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moves away from the traditional methods of identification and enhances the way that threats are identified and resolved. as we move forward, we continue to expand the enforcement efforts in the status violations. ice is analyzing buries approaches to this issue, including sharpening the focus of issues that exploit the violation of things such as overstay initiative and the targeting program. effective border security measures require broader information sharing and cooperation among agencies. on january 11, 2001, we talked about the roles and responsibilities between i.c.e. and the state of affairs and diplomatic security. this governs the day-to-day operations at u.s. embassies and
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abroad. it reduces duplication of efforts by both i.c.e. and the department of state by supporting overseas assignments. it brings an important element to the review process, and this relationship serves to alert officers and other u.s. personnel to potential security risks. more than a decade after the 9/11 attacks, i.c.e. has made significant progress from splitting the process and we look forward to working with the committee in the future to enhance those efforts. i want to thank you for the opportunity and i would be pleased to answer any questions you have. >> thank you, gentlemen. we now recognize edward ramotowski remapped thank you, ranking member and members of the subcommittee.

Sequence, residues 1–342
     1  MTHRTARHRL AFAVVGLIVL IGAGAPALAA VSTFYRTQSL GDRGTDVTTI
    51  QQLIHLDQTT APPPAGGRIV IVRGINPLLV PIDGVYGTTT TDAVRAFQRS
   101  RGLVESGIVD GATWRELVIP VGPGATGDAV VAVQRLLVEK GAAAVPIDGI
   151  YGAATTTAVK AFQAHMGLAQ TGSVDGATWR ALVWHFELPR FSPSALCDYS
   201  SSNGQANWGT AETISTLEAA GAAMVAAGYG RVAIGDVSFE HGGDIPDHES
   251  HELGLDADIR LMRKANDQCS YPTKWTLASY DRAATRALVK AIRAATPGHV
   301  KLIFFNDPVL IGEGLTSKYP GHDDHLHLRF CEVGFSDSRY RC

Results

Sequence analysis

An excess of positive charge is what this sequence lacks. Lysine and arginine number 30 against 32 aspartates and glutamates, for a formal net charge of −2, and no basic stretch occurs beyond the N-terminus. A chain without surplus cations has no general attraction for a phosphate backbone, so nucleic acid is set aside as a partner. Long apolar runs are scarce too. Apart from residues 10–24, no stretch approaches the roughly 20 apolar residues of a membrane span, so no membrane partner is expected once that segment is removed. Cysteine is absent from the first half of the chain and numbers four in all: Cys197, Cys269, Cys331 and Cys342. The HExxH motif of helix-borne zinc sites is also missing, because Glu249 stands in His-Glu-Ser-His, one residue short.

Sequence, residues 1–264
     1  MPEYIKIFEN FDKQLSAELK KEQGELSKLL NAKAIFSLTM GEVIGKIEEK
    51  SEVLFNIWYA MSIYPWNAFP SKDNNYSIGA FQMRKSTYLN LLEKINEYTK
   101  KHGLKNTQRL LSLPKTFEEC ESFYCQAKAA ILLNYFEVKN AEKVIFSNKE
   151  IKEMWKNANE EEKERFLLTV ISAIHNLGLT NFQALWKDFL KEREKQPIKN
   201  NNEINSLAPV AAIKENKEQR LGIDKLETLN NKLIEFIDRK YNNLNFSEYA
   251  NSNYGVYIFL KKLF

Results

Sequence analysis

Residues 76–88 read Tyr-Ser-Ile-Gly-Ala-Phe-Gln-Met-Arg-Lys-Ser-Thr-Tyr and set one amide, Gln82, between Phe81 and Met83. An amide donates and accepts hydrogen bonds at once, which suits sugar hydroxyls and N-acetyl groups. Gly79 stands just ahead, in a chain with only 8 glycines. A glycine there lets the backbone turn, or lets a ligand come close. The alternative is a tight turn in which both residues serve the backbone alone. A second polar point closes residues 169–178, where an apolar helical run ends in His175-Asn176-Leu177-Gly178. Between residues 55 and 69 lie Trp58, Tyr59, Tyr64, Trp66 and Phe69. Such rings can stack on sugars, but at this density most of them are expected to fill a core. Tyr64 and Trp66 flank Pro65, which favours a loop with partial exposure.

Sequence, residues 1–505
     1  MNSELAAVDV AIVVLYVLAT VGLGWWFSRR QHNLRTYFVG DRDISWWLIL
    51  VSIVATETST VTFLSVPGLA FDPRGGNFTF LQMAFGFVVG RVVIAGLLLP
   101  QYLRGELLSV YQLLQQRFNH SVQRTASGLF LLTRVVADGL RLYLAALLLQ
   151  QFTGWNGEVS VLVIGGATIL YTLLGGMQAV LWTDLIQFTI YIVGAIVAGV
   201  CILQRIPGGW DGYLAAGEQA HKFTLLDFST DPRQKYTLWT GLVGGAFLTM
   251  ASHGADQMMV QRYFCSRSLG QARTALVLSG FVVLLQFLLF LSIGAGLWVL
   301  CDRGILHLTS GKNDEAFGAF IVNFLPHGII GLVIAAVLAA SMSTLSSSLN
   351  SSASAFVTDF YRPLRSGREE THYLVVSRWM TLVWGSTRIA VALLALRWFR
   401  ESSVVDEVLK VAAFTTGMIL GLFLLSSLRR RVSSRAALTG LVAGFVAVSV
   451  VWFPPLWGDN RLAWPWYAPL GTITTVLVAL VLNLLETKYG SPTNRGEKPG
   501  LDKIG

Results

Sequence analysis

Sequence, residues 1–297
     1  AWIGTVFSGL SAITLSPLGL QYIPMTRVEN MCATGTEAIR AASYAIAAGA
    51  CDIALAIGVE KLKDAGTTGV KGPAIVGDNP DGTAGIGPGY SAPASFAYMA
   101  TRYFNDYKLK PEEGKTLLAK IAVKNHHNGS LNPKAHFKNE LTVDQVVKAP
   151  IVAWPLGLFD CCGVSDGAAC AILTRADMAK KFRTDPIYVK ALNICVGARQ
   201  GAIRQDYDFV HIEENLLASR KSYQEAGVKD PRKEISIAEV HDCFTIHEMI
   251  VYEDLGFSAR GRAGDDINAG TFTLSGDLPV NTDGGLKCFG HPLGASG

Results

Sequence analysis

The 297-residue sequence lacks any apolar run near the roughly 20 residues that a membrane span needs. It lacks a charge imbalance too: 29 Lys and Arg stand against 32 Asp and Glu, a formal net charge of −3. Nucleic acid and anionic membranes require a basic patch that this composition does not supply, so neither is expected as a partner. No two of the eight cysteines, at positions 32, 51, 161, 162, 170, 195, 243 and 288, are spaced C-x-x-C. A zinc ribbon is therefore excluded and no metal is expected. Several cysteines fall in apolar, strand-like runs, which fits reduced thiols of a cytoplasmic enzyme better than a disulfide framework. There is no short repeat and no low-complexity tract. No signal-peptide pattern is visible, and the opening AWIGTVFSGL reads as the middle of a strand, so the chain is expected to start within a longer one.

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as a top officer with experience in the u.s. green service, it is a solemn occasion for me to testify here today on the 11th anniversary of the september 11 attacks, and i thank you for the opportunity to update you on how we continue to improve visa security to prevent such an attack from ever taking place again. our highest priority is the safety of american citizens at home and abroad. together with our partner agencies, we build a border security system, resting on technological advances, biometric innovation, interviews, expanded data sharing, and improved sharing. we are constantly implementing and refining the screening process. this process incorporates personal interviews in most cases and multiple biographic and biometric checks, supported by a sophisticated, global information technology network. we share this data among federal
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law enforcement and intelligence agencies. security remains our primary mission. every visa decision is a national security decision. electronic visa applications provide fraud prevention officers, as well as intelligence and law enforcement partners the opportunity to analyze an applicant's data in advance so that these partners may detect the potential non-biographical links to derogatory information. we are currently working with our partners on two major initiatives. with the law enforcement and intelligence communities and making the visa system even more secure. in addition to these checks, the department screens against dhs and the cia databases and uses facial recognition technology to check applicants against the watchlist of photos obtained from the applicant photos and